‘Nosferatu: A Symphony of Horror’ rocks The Lyric

Audience+members+watch+Nosferatu+at+The+Lyric

Collegian | Sara Shaver

Audience members watch “Nosferatu: A Symphony of Horror” at The Lyric Sept. 9.

Ivy Secrest, Life and Culture Director

On Sept. 9, the Invincible Czars returned to The Lyric in Fort Collins to perform their live soundtrack to “Nosferatu: A Symphony of Horror,” a classic silent horror film directed by F. W. Murnau in 1922.  

Bringing in elevated elements of suspense and horror to the already eerie film, the Invincible Czars specialize in “cinematic, experimental ‘rock,’” according to their website. For silent films, that means setting an audible tone for the movie that was not possible at the time of its creation 100 years ago. 

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Maya Ortega, director of people operations at The Lyric, said this event combines The Lyric’s interests, which are music and film. 

“There is an intelligence that a silent film has to have and a simplicity that a silent film has to have that a lot of films don’t because it has to rely on being extremely translatable,” Ortega said. “If people are interested in stories and how they’re created, silent films are a great way to do that.”  

The film follows a couple as they combat the evils of Nosferatu, a vampire who has let loose a plague on their town. An expressionist film, Nosferatu is full of jump scares and terrifying happenings. 

Something about the older special effects, the black and white coloration and the terrifying old versions of monsters that are often sexualized in modern film (Count Orlok, the vampire, is not the attractive pining vampire of the Twilight era) created a creep-into-your-nightmares type of horror experience. 

“This is the best way you could see a silent movie nowadays because of the live orchestral performance.” -Maya Ortega, director of people operations at The Lyric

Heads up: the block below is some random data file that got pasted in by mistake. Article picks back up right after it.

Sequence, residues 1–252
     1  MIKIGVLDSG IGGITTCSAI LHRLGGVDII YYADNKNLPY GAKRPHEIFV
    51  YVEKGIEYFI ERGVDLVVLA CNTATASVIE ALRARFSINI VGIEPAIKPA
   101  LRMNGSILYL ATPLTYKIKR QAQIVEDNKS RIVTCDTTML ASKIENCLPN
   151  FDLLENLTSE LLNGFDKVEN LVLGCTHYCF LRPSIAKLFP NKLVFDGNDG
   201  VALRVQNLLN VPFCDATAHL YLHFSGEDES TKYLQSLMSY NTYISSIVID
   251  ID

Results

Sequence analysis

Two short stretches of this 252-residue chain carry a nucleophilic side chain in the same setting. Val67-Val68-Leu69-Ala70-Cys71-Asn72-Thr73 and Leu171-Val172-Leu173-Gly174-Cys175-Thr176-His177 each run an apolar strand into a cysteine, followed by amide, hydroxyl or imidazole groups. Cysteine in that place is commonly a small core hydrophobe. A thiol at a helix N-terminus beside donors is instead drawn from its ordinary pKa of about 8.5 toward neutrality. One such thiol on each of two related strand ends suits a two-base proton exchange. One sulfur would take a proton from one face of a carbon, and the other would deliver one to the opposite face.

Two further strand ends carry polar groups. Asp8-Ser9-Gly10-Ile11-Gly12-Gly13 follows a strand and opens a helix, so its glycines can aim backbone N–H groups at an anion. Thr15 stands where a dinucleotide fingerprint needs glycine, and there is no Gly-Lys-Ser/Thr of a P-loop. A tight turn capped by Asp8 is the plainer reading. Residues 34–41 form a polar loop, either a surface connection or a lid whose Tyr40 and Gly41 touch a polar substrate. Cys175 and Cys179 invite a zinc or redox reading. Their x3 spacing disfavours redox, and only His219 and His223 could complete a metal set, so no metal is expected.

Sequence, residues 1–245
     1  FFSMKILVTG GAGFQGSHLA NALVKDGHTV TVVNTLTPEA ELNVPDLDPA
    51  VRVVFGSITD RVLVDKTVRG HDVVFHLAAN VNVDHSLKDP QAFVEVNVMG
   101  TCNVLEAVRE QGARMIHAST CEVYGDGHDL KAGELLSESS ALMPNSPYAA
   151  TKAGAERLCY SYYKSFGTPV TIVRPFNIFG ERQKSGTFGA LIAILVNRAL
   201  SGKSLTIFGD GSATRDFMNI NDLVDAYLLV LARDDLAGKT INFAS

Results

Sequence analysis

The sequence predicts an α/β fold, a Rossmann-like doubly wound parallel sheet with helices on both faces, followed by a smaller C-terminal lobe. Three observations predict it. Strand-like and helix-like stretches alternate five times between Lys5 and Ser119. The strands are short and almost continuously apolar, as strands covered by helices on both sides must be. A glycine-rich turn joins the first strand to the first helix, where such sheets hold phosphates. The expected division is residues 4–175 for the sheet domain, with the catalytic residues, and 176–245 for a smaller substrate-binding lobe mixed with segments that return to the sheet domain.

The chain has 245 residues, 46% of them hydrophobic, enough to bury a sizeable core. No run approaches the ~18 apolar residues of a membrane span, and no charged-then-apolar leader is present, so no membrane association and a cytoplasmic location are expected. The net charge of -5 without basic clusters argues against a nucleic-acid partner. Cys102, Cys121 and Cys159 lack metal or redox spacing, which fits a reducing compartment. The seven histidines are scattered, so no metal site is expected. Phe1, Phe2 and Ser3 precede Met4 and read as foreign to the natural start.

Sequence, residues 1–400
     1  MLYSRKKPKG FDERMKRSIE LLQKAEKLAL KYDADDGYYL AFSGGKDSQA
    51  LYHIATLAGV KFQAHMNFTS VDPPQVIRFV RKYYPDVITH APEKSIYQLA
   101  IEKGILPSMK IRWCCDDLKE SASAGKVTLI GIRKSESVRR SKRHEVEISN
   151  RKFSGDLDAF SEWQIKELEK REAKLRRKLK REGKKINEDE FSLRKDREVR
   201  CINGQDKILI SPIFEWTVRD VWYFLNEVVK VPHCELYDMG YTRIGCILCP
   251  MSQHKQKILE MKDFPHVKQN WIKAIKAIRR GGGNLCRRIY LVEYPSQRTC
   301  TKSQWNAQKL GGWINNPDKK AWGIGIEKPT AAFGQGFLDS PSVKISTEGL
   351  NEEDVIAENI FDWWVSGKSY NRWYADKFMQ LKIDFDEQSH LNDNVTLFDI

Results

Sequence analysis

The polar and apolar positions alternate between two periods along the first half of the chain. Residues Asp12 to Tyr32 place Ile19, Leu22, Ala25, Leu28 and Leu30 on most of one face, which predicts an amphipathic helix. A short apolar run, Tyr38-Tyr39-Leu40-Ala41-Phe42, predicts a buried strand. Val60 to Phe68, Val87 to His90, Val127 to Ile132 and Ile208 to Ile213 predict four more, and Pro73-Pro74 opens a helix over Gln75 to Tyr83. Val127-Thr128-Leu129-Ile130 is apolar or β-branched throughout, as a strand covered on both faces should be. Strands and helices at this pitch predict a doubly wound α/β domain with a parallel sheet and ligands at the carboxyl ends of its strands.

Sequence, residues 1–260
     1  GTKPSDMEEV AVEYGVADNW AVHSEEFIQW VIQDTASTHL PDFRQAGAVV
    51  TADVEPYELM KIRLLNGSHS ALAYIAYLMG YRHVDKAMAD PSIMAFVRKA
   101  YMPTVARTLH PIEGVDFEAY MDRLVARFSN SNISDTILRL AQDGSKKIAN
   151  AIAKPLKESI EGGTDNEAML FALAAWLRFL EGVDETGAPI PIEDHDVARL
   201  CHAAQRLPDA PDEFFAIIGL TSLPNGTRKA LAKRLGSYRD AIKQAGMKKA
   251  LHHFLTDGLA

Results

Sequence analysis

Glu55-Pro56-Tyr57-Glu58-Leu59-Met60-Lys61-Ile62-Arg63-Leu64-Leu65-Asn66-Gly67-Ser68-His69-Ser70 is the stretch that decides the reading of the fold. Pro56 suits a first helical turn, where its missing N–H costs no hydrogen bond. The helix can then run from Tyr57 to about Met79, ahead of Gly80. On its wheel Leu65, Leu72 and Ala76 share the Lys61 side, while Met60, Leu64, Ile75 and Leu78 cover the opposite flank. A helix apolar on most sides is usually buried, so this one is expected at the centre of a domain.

“Silent film is certainly not paid attention to in the way more modern films are,” Ortega said. 

The benefit of silent film is incredibly real and unique. It requires strong visual storytelling to make up for the lack of dialogue. This also entails being visually stimulating enough to maintain the audience’s attention. 

Despite these attributes, the musical accompaniment of the Invincible Czars didn’t detract from the skillful storytelling; rather, it deepened its grip on the audience. 

“It sort of changed our careers,” band member Josh Robins said. “That first tour we did with ‘Nosferatu,’ every show was selling out.” 

Events like this aren’t common in the average theater, but at The Lyric, it is the type of novelty it strives to provide the public. 

“This is the best way you could see a silent movie nowadays because of the live orchestral performance,” Ortega said. 

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Robins said they came to perform “Nosferatu” as their audience expanded from Austin, Texas, to a much larger touring circuit. Many people hadn’t seen this sort of performance outside of Texas, and they wanted to bring it to their fans. 

Fort Collins residents certainly enjoyed the quality of the performance, with several audience members being returning fans of the show. 

Robins said he enjoys performing in Fort Collins because of how open and welcoming the community is. 

“We can kind of relax here; other people like us are here,” Robins said. 

According to their website, the Invincible Czars are thanked for making this movie “actually scary” with each performance. Whether or not the film was scary before the music, the impact of the composition cannot be ignored, as the band certainly made “Nosferatu” a true “Symphony of Horror.”

Reach Ivy Secrest at entertainment@collegian.com or on Twitter @IvySecrest.